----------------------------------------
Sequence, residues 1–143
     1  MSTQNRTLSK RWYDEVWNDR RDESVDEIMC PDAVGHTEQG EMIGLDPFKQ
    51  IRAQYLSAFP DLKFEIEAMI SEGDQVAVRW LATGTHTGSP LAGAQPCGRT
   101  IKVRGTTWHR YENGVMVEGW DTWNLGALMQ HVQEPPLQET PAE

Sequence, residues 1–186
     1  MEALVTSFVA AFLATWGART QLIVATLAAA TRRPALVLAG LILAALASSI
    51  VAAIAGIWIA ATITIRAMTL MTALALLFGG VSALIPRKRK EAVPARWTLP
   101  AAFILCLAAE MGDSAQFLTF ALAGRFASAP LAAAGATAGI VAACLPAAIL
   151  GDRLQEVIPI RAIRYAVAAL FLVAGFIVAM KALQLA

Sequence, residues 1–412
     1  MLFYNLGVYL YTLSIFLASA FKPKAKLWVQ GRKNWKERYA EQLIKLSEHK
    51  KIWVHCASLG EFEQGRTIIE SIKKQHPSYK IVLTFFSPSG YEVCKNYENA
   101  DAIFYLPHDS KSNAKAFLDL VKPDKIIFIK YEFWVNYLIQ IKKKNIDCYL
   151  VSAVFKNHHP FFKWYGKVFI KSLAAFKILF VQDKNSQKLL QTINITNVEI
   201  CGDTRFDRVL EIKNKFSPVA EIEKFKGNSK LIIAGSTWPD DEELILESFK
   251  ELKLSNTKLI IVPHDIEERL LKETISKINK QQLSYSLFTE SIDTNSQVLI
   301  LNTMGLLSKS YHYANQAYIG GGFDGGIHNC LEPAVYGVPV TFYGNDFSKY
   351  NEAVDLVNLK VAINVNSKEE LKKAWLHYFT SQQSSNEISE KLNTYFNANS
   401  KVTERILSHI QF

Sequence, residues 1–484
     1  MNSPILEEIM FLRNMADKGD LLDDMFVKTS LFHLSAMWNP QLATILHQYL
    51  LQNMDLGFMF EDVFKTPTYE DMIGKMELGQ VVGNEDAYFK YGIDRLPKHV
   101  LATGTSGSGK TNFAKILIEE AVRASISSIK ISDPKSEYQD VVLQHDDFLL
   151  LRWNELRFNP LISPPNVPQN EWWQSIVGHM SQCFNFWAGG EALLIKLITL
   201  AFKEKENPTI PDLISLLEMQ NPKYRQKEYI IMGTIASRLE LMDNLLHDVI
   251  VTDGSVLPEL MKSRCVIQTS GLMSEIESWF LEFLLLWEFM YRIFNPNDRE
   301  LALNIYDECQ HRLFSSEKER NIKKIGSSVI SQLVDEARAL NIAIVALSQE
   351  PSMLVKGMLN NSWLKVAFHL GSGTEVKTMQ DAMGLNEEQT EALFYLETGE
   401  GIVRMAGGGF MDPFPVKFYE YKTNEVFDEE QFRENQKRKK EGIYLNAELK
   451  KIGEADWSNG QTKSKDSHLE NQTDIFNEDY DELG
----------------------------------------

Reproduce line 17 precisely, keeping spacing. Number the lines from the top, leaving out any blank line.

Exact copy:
   301  LNTMGLLSKS YHYANQAYIG GGFDGGIHNC LEPAVYGVPV TFYGNDFSKY